- by Al Brown Release Date: Label:
Jonathan Richman is one of those artists so venerated by his nutball fans that it can be hard to take his music on its own merits. Best known for the proto-punk, Velvets-indebted 'Roadrunner', and his cameo appearances as a summarising troubadour in There's Something About Mary, most of Richman's career has been spent ploughing a lonely furrow of unbending musical simplicity and earnestness which alienates as many potential listeners as it beguiles. He is in the unique position of having influenced both the spartan, fuck-you juggernaut of early punk and the following 30 years of plaintive, nerdy indie-pop, yet he still feels like an outsider.
I first got into Jonathan (a lot of his fans call him by his first name, as if he is an old friend) only a few years ago through an article by Laura Barton on 'Roadrunner'. The article transformed a song that had been a staple of pre-recorded punk compilations in my teen years (which I had never really paid attention to) into something transcendent and beautiful. The magical thing about 'Roadrunner', as Barton so beautifully explains, is that it attempts, and succeeds in telling us about joy: the joy of being young and free, the strange beauty of the (sub)urban landscape, the thrill of darkness, of driving around at night with the radio on.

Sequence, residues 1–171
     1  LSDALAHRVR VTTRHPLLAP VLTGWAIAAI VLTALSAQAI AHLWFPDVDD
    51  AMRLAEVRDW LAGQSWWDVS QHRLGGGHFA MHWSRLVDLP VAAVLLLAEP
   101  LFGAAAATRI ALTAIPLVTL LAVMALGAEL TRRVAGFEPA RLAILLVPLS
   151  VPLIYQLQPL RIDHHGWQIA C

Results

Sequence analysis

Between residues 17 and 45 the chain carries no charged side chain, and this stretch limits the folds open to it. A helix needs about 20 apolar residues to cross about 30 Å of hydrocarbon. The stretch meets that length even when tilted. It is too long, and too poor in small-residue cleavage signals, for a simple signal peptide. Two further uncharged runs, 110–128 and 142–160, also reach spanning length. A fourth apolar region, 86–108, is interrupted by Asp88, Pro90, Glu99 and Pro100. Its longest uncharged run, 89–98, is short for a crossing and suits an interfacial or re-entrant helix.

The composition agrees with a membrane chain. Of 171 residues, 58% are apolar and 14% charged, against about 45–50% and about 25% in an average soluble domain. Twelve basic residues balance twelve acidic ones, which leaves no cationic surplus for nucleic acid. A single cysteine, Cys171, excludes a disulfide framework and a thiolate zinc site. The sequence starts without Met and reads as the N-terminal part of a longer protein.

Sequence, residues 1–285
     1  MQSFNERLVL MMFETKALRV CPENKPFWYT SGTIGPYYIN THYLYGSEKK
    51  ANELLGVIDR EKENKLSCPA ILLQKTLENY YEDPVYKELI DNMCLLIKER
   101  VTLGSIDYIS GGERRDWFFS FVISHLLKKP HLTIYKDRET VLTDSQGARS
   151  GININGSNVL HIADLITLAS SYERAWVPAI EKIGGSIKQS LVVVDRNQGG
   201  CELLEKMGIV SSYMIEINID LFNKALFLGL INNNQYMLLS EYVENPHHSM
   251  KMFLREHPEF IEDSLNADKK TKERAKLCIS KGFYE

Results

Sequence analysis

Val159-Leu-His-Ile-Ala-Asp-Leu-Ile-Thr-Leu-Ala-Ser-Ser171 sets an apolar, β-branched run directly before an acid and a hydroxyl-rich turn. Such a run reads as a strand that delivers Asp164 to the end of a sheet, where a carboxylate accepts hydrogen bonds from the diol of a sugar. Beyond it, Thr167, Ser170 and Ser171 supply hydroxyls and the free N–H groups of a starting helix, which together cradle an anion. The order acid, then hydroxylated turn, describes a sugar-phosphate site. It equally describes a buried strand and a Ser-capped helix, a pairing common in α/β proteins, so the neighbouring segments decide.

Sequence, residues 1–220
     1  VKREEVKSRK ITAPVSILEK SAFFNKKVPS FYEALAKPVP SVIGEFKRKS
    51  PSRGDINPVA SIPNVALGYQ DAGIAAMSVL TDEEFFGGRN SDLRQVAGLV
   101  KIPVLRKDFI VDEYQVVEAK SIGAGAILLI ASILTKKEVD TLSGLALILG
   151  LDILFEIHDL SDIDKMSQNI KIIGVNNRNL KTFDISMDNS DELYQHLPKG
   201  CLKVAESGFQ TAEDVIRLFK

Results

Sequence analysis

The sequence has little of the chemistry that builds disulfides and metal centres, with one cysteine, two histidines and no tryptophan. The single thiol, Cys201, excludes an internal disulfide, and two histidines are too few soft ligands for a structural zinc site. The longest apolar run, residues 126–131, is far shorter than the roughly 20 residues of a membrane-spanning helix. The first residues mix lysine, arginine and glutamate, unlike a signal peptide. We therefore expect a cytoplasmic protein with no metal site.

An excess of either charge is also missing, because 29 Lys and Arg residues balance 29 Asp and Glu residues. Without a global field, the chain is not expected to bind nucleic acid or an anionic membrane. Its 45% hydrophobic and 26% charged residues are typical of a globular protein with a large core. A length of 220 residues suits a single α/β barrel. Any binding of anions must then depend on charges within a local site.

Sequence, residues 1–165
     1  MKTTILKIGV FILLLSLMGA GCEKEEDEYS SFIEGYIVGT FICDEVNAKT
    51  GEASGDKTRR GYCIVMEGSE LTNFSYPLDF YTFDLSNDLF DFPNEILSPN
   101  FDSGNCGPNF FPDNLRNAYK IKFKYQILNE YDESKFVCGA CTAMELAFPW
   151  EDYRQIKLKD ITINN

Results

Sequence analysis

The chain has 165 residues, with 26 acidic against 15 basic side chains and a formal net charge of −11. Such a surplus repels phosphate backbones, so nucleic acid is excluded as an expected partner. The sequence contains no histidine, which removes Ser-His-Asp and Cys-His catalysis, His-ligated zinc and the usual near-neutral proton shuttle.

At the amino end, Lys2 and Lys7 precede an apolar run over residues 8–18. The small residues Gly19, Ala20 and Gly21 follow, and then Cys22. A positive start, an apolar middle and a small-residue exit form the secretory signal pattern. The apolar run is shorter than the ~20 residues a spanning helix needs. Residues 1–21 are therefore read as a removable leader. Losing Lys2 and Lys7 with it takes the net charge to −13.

It's not something you come across often, arguably the doo-wop and rock'n'roll groups of Richman's own childhood were its only thematic predecessors, but they were generally confined by tropes of romance and teen rebellion and strict verse-chorus-verse structure. 'Roadrunner's stream of consciousness lyrics and 'Sister Ray' inspired repetition mark it out as something different. But it's that unambiguous joy, and that he could convey it without even mentioning love (in the traditional sense: between two people), that is so breathtaking.
The album on which 'Roadrunner' first appeared, The Modern Lovers (famously recorded by John Cale and then left in a Warner Brothers vault for several years), is very good without being as flat-out great as you hope every 'classic' album will be. It's got its share of standout tracks: the hilarious 'I'm Straight', the hopeful 'Girlfriend' and the morose 'Hospital', and, depending on who you ask, the others. At points its repetitiveness and the know-it-all attitude (which Richman would soon disown) are a bit much though. And there's been more than enough said about that album over the years anyway.
Fast forward 15 years and Having a Party with... is more consistent, and unlike The Modern Lovers it's consistently fun, consistently joyful. It's consistently full of the sincerity that doubters will always dismiss as a layer of artifice - as if everything in this stinking world has to be tainted with irony and deceit.
Having said all that, the first four tracks are lightweight and you couldn't blame anyone for thinking them a touch disingenuous. Richman's humour, as you'd expect from a childlike guy who shuns drink and drugs, is a little twee. When he complains about his wife not laughing at his jokes (in 'She Doesn't Laugh at My Jokes') it's like when that perfect couple you know complain about each other not putting the cap back on the toothpaste or whatever: you just know that they're sickeningly happy in every other respect.